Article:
Taking personalization past first name—Personalization is a simple execution that inserts data elements or content held in your database into an email message. At its most basic, personalization inserts a salutation such as “Dear First Name.” We encourage you to think beyond first names. Personalization allows you to insert any text for which you have a data field. Here are some other examples for using personalization:

  • User-specific information, such as customer number
  • Contact information for a salesperson in the recipient’s region
  • Location information for the store closest to the recipient

In its most sophisticated uses, personalization can even enable you to customize images based on personal data.

Measure and Modify

This should be nothing new since you’re already tracking your email campaigns for response and conversion rates. Certainly your overall response rate should rise when you send relevant messages to carefully selected audiences. If a particular segment isn’t responding as well as the others, review and make adjustments to improve response. If you don’t see a significant overall increase in response rates when you send to segmented lists, continue to explore possible hypotheses, test them and only when all else fails, save resources by sending only one email.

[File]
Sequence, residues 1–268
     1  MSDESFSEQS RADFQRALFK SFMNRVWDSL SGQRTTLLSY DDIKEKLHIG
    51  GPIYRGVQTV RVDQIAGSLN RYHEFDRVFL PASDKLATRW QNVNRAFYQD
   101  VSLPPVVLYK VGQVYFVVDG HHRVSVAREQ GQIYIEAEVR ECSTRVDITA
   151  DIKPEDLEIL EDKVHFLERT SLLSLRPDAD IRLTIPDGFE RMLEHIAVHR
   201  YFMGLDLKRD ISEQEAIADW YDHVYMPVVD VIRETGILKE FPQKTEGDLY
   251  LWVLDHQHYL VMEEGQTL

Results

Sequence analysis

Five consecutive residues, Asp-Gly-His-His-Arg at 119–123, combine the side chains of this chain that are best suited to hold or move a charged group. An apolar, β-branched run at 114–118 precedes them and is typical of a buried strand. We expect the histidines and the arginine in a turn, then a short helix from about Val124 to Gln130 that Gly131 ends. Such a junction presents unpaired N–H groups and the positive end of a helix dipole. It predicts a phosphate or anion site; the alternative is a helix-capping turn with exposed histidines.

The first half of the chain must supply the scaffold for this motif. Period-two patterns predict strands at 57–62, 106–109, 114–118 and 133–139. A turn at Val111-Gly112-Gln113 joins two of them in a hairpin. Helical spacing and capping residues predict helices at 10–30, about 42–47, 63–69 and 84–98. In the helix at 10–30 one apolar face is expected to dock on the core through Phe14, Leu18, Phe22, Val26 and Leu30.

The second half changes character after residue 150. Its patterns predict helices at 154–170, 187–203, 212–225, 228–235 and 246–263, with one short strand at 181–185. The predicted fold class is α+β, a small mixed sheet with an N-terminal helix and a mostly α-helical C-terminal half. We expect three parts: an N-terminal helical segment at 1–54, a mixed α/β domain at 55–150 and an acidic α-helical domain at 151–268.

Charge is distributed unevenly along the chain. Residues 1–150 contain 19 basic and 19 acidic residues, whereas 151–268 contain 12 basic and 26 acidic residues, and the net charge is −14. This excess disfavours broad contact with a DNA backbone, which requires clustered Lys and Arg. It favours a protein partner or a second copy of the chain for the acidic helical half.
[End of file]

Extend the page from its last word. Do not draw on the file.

Easily Elicit the Information You Need

At signup—Collect information and ask your subscribers what is most useful to them while they’re signing up to receive emails from you. This can be handled several ways.